29.1 million Americans have diabetes, and that number is rapidly climbing (there were only 26 million in 2010).  One in four have diabetes and don’t know it, and more than one in three Americans has pre-diabetes (9).  For decades studies have shown a link between diabetes and periodontal disease.

diabetes older studies

Current data show that 95% of people with diabetes also have periodontal disease (10).  Periodontal disease makes it difficult (some experts say it’s impossible) for a diabetic to control blood sugar levels (10).  Other studies show evidence that treatment of periodontal disease improves glycemic control in patients with diabetes (12).

This flowchart explains how diabetes and periodontal disease are inextricably intertwined.

The diabetic patient is extremely susceptible to infection, and diabetes causes a breakdown of tissues along with a suppressed ability to heal. So, the diabetic patient is more susceptible to developing periodontal disease even if the oral pathogenic bacteria are below the threshold for a non-diabetic patient’s susceptibility. On the other hand, periodontal disease causes chronic systemic inflammation which results in altered insulin signaling and response. This can lead to insulin resistance and the development of diabetes, and at the same time causes the diabetic patient serious difficulty in controlling blood sugar due to the effect on insulin.
Flow Chart Explanation:  The diabetic patient is extremely susceptible to infection, and diabetes causes a breakdown of tissues along with a suppressed ability to heal. So, the diabetic patient is more susceptible to developing periodontal disease even if the oral pathogenic bacteria are below the threshold for a non-diabetic patient’s susceptibility. On the other hand, periodontal disease causes chronic systemic inflammation which results in altered insulin signaling and response. This can lead to insulin resistance and the development of diabetes, and at the same time causes the diabetic patient serious difficulty in controlling blood sugar due to the effect on insulin.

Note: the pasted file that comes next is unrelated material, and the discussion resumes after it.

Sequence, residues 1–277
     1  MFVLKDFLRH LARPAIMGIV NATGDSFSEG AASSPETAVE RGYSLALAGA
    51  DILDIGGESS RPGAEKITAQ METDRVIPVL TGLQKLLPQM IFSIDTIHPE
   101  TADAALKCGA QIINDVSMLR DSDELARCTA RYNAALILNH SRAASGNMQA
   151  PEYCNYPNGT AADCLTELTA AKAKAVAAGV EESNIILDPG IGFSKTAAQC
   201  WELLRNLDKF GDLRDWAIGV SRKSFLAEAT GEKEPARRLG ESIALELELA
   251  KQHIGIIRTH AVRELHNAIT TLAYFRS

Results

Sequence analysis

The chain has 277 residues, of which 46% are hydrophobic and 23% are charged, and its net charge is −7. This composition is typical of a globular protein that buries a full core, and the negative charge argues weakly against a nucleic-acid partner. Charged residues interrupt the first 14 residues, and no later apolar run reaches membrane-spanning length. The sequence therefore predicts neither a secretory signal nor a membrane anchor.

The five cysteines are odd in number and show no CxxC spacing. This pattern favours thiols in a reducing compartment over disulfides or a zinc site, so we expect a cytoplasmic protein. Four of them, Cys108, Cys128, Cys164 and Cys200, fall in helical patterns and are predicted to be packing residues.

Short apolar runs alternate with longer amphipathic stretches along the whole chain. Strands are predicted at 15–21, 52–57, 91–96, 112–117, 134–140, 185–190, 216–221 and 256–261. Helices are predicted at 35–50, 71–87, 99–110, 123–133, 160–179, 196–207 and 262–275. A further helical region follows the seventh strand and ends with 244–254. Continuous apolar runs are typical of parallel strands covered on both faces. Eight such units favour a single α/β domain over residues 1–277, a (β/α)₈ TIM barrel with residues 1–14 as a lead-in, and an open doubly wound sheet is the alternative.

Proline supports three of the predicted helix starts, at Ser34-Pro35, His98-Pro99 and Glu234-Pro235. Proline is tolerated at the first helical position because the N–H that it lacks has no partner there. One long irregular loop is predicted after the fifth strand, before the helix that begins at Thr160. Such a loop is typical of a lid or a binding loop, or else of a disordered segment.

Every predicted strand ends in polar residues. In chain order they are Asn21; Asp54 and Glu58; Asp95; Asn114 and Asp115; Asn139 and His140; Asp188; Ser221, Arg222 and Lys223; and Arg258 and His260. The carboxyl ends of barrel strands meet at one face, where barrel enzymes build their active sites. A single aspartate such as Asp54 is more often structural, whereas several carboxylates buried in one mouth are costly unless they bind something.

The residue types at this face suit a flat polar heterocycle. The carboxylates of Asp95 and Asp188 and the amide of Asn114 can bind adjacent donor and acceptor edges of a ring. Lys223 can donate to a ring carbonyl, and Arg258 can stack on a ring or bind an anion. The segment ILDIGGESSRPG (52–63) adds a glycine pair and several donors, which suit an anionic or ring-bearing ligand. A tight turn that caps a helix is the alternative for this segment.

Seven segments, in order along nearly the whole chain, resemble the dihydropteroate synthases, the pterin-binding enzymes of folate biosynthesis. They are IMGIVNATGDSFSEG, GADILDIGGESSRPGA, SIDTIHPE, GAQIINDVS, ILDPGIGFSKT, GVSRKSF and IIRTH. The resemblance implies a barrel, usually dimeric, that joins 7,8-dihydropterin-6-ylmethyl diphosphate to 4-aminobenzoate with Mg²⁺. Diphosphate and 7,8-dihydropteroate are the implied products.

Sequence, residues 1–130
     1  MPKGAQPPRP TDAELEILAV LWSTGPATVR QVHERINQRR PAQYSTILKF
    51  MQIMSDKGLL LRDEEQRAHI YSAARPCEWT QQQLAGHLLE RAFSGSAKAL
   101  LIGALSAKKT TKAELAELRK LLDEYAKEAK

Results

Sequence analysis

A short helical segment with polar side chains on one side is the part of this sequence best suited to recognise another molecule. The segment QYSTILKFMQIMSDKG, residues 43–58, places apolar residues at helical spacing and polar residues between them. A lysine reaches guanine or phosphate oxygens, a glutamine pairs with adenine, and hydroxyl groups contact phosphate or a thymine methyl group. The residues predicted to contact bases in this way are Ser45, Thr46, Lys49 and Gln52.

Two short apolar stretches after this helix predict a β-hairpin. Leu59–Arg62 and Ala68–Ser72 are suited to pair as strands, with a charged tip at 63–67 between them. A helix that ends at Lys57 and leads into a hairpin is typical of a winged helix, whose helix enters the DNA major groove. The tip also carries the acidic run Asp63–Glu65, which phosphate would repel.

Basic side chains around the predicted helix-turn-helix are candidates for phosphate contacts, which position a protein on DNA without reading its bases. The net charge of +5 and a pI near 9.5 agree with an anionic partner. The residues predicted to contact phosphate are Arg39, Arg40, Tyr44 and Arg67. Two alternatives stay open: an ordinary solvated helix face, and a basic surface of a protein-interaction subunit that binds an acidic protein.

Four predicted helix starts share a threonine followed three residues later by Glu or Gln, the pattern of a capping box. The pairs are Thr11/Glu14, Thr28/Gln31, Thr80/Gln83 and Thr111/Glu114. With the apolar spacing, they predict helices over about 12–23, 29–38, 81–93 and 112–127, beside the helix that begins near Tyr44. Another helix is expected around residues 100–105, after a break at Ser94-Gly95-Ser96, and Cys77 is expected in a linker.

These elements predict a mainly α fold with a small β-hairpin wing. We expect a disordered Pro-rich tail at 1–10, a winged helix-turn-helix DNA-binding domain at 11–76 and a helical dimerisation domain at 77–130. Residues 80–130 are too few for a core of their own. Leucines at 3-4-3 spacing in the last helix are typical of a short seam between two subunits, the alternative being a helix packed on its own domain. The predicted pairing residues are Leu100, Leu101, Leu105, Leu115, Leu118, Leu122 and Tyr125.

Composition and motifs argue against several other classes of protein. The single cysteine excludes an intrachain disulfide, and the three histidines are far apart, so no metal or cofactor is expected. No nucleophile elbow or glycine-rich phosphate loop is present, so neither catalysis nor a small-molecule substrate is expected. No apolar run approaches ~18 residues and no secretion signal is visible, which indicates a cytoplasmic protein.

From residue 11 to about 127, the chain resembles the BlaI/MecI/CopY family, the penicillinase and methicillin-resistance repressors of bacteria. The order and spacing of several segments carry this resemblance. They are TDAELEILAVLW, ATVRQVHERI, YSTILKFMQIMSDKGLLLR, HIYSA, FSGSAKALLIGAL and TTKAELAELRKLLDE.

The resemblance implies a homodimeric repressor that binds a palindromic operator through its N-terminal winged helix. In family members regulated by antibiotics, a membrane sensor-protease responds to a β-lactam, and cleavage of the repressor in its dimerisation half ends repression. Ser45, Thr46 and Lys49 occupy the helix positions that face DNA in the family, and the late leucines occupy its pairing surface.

In considering the poor financial health of our country, 1 in every 3 healthcare dollars is spent caring for people with diabetes (currently $332 Billion).  That number is projected to double by 2020.  Simply treating gum disease lowers annual cost by $2840 per patient and reduces diabetes hospital admissions by 39.4% per year. (10)

These other conditions can be affected by your oral health. Learn more by clicking the links below: